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Dunedin goes platinum
City achieves highest level of green
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The city of Dunedin receives its Platinum Status award at the December City Commission meeting. From left are Bob Ironsmith, economic housing director; Jon Everett, public works engineer; Keith Fogarty, public services director; Paul Stanek, assistant public works and utilities director; James Clayton, committee on environmental quality member; Dianne Wheatley Giliotti, committee on environmental quality chairwoman; Christina Perez, sustainability coordinator; Ed Heitov, committee on environmental quality member; Bonnie Steinberg, risk safety manager; Lael Giebel, development project coordinator; Phyllis Gorshe, library director; and Suzanne Cook, executive director of Florida Green Building Coalition.
DUNEDIN – Dunedin has long valued nature, the environment and preserving its natural resources. Even as the city continues to reach green goals and achievements, it always strives to do even more. Recently, Dunedin became the first city in Florida to become a Certified Platinum Florida Green City by the Florida Green Building Coalition.

The city hired its first sustainability coordinator, Valerie Brown, in 2007, and she set out to apply for Dunedin’s first Green City certification. At that time, the city achieved Silver Certification status. Then in 2011, she submitted an upgrade for the city’s certification, which brought Dunedin up to Gold status.

Cities must reapply every five years, so one of the first major tasks for the new sustainability coordinator, Christina Perez, was to reapply for certification. There are numerous checklists to go through that are based on different departments for the city, Perez said, such as solid waste, planning and development, tourism, and engineering.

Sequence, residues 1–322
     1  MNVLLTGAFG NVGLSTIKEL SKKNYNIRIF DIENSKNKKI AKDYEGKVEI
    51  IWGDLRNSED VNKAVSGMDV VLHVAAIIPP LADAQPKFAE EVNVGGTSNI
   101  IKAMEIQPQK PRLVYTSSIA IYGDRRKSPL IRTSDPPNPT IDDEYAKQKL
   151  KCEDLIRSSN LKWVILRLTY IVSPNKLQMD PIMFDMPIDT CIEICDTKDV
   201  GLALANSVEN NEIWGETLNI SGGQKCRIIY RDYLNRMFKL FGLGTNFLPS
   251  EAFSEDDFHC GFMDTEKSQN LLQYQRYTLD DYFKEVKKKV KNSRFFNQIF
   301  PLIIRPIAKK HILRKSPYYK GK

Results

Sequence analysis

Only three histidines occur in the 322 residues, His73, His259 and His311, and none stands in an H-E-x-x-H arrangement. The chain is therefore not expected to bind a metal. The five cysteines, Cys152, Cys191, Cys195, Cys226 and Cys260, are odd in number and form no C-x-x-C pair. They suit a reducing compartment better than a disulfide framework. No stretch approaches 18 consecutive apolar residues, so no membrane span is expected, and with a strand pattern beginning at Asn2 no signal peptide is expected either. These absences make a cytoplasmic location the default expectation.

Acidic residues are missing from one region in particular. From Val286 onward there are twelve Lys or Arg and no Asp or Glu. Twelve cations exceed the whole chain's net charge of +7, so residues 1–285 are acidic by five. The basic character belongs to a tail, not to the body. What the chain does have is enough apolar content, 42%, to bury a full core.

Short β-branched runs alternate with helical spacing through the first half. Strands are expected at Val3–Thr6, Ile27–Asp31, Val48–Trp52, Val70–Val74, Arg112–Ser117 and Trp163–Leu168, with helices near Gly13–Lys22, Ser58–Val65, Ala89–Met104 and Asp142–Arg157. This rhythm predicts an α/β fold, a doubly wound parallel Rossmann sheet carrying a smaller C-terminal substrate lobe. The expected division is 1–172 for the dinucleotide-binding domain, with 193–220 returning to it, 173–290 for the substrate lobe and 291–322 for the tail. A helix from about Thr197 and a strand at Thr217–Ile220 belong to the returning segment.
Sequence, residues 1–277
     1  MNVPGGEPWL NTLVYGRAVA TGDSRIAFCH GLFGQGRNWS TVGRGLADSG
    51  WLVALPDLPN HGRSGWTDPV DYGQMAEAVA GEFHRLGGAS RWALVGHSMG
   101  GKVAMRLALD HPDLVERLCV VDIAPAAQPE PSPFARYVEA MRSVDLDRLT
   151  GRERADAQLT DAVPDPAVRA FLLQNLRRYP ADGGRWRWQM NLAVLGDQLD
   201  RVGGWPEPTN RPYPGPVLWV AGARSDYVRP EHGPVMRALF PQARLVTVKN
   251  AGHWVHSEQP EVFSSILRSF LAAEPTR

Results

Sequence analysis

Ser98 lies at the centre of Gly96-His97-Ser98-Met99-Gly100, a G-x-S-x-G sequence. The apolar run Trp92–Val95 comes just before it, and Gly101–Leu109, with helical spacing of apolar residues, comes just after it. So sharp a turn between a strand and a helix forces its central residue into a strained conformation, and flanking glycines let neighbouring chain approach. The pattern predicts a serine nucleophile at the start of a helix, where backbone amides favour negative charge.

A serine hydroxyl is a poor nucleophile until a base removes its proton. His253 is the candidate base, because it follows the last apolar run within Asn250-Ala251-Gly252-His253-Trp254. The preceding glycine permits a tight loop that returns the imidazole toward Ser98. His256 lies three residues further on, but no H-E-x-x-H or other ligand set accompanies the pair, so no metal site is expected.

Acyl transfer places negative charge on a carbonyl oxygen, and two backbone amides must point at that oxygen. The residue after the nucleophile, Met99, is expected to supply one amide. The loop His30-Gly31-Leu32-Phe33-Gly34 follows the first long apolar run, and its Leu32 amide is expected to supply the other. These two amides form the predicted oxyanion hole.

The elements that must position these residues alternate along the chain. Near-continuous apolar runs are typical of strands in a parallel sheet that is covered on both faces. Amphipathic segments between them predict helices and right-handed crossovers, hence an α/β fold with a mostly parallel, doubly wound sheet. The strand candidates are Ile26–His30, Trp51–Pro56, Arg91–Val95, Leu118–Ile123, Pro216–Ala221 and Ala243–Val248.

“There are sub-credits associated with each topic to associate if we’re doing that and if it’s plausible as a city for us to do (the things on the list,)” Perez said.

There is also another section called “innovative credits” where a city can add additional green things that it is doing that are not on any of the other lists. Therefore, the city can now get credit for those efforts, whereas that was not an option in the beginning.

“I was able to utilize the innovative credit list,” Perez said. “I talked about the Free Little Library and the Seed Library, which largely ties into the community garden and with planning, growing your own garden and vegetables, local food and such.”

The city also was able to get credit for its community garden, which was not able to be counted at first. Other city initiatives that contributed points include using an alternative method for concrete using old tires, green building initiatives, and environmental efforts built into the city’s codes.

It took months of work to put together the application, and by the end, the project had become Perez’s baby.

“It was a 5-inch binder and weighed about 13 pounds,” Perez said. “It took me about four or five months, and it felt like I made this child and sent it off to college all within a few months.”

Nationally, there are only 46 certified Platinum Green Cities, Perez said. In order to get to that level, a city must rank between 71 and 100 percent of total possible credits. That percentage is calculated based on a city’s maximum points, the maximum applicable points and credit points achieved, she said. Dunedin pulled off a 71.4 percent. The city officially received its certificate at the Dec. 19 Dunedin City Commission meeting, where Suzanne Cook, the executive director of Florida Green Building Coalition, came to present the award. The plaque now hangs in Dunedin City Hall.